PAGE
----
CA: Council Selects Five Cannabis Dispensaries To Open In Davis

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Five cannabis dispensaries have been selected by the City Council to open up shop in Davis — one downtown on F Street; two on Olive Drive and two on Second Street east of downtown.

The five dispensaries were selected on the first straw poll held by the council Tuesday night, with each receiving three or more votes from council members, who had been asked to pick their top five applications.

Prior to the straw poll, the council voted unanimously to amend the city’s cannabis dispensary ordinance to increase from four to five the number of conditional use permits they could approve.

Staff will return June 19 with conditional use permits for the following applicants:

* California Grown at 1605 Second St.

* Davis Cannabis Collective at 2121 Second St.

* F Street Dispensary at 416 F St.

* Greenbar at 965 Olive Drive

* Kind Farma at 946 Olive Drive

Prior to voting, council members praised the quality of all of the applications the city received last fall (13 in all) and noted the decision was not easy.

“We will deny some great applications tonight,” said Councilman Will Arnold.

He urged those not receiving council approval Tuesday night “to stay in the game” by becoming licensed for delivery or applying for a dispensary permit in the future if more become available.

The current ordinance, as amended by the council Tuesday, allows up to five dispensaries to be approved for 18 months initially, after which the council could choose to permit more.

Arnold also said Tuesday he believed downtown is “a reasonable place for dispensaries,” and selected two downtown applicants (F Street Dispensary and Good People Farms at 514 Third St.) among his top five.

But F Street Dispensary, located between Fourth and Fifth streets, was the only downtown location selected by the council.

Two of the five selected dispensaries were unanimous decisions — both of the Second Street locations were chosen by Arnold, Mayor Robb Davis, Mayor Pro Tem Brett Lee and Councilman Lucas Frerichs (Councilwoman Rochelle Swanson recused herself from the vote because she recently leased property on Olive Drive in the vicinity of the two proposed Olive Drive dispensaries).

The applicants behind both of the Second Street dispensaries have long histories in the cannabis industry — including operating dispensaries in Sacramento — and neither location drew public opposition during recent hearings before the Davis Planning Commission or the City Council.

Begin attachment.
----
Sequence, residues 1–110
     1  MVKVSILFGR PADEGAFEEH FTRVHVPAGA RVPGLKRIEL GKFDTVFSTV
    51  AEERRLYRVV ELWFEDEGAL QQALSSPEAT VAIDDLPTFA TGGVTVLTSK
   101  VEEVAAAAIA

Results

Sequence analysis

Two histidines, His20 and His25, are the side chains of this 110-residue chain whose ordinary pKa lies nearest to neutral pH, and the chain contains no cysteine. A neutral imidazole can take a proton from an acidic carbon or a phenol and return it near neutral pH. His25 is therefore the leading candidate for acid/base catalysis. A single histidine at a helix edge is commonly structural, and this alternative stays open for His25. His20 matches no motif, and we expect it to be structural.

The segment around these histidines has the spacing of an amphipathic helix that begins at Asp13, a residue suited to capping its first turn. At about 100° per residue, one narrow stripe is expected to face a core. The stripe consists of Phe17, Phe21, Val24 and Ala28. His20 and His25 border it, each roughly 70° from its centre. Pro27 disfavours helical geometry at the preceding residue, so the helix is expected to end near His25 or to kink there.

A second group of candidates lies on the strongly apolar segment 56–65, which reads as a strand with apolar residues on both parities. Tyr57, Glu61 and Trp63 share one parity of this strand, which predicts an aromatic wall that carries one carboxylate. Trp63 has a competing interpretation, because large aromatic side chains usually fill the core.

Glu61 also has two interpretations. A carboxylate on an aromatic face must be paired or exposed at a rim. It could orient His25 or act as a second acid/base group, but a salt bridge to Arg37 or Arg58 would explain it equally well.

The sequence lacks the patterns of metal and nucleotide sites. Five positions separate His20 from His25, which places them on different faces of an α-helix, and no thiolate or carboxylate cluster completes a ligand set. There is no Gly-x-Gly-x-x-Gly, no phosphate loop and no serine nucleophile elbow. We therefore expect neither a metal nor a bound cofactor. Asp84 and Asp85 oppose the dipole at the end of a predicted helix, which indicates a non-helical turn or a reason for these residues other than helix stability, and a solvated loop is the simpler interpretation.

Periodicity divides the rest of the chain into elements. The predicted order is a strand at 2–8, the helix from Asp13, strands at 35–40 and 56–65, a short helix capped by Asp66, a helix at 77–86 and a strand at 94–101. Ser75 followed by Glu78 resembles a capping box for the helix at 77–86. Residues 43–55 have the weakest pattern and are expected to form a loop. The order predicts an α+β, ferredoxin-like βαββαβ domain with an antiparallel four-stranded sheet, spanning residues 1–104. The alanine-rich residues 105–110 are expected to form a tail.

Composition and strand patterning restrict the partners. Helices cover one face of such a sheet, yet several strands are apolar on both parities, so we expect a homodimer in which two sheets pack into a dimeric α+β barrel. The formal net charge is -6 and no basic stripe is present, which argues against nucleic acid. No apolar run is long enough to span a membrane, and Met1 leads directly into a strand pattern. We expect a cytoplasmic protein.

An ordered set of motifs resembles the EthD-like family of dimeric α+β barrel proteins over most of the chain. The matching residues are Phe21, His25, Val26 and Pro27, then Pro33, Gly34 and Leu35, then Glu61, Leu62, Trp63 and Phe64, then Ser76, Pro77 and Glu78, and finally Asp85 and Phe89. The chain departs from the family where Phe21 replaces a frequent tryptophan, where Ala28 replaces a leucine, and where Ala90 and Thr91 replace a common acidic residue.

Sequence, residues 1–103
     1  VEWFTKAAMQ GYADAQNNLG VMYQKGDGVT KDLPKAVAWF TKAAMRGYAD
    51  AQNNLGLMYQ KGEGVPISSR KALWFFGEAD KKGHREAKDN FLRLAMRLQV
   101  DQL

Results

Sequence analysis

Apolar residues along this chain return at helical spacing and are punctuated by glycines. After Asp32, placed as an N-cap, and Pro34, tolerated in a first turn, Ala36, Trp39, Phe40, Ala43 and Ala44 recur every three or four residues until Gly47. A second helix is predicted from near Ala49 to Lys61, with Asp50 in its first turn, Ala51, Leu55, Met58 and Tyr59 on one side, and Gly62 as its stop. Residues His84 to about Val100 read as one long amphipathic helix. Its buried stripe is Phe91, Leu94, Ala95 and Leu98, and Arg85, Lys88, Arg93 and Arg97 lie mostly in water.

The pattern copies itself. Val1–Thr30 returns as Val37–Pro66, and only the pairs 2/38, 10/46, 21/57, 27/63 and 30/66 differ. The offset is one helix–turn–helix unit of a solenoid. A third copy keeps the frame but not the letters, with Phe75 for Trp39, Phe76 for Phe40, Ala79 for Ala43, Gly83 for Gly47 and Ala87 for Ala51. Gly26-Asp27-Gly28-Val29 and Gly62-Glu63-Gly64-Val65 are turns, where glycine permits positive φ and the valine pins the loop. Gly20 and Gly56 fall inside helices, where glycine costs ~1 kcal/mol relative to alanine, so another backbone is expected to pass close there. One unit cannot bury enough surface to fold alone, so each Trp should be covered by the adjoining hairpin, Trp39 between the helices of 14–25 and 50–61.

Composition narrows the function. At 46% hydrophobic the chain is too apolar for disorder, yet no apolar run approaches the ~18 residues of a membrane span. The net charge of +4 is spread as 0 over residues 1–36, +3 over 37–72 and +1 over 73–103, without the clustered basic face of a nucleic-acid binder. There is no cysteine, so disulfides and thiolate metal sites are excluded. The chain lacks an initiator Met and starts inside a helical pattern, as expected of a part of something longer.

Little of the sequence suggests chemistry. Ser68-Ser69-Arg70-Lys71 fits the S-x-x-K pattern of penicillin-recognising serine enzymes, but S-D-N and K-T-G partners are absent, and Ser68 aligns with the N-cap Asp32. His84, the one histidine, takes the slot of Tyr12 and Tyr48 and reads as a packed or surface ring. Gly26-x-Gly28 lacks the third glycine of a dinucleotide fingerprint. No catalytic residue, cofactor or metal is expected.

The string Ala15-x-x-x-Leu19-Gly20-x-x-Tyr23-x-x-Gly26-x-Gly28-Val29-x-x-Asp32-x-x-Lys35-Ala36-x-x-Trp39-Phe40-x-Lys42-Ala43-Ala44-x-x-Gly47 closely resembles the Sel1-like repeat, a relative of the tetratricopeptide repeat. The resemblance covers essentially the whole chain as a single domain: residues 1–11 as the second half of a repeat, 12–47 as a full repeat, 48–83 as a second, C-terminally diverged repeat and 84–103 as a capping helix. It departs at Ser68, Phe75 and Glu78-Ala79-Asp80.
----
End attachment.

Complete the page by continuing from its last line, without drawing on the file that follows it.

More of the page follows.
The two Olive Drive dispensaries also were selected Tuesday, with each receiving three votes from council members (Davis, Frerichs and Lee voted for Greenbar, while Arnold, Frerichs and Lee voted for Kind Farma). The dispensaries will be located across the street from each other on the west end of Olive Drive.

F Street Dispensary, meanwhile, was selected by Arnold, Frerichs and Lee. No application received more negative public comment during planning commission and council hearings than F Street Dispensary, but none drew more support either. Opposition was primarily focused on the dispensary’s location on F Street and the impact it would have on traffic and parking on that block.

But supporters praised the applicants’ Davis roots, including former state Sen. Lois Wolk, who told council members earlier this month that local management and control should be a prime consideration — something Arnold referred to in explaining his vote Tuesday night.

Prior to the straw poll, Davis asked each of his colleagues to outline the factors that were most important for each in making their selections, and geographic diversity actually was mentioned most.

Selecting locations in different areas of the city, Davis noted, “helps us understand where the opportunities are and maybe where the constraints are.”

For those applicants left out in the cold Tuesday night, that was some indication that opportunities may yet await in the future.

Davis also remarked on what has been a significant change in attitudes toward cannabis — from prohibition to allowed use — but also the worries many in the community have about what those changes mean.

“Getting it right out of the gate is really important,” the mayor said.

With their vote Tuesday night, the council made their choices on what getting it right means.

Now staff will return June 19 with findings on conditional use permits for the five selected applicants.

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